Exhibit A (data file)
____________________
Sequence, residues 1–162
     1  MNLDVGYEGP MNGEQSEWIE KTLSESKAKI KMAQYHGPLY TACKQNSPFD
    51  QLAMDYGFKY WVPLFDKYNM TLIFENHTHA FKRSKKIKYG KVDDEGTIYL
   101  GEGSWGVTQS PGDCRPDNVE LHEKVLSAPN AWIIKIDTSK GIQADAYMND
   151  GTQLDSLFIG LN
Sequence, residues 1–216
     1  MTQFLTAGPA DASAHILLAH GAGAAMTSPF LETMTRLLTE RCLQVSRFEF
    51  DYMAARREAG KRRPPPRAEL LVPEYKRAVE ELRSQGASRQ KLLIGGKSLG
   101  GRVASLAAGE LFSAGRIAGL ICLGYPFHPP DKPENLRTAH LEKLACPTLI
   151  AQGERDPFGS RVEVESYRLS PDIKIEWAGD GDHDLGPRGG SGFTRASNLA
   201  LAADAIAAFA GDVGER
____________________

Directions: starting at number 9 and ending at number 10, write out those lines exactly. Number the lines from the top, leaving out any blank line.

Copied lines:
   101  GRVASLAAGE LFSAGRIAGL ICLGYPFHPP DKPENLRTAH LEKLACPTLI
   151  AQGERDPFGS RVEVESYRLS PDIKIEWAGD GDHDLGPRGG SGFTRASNLA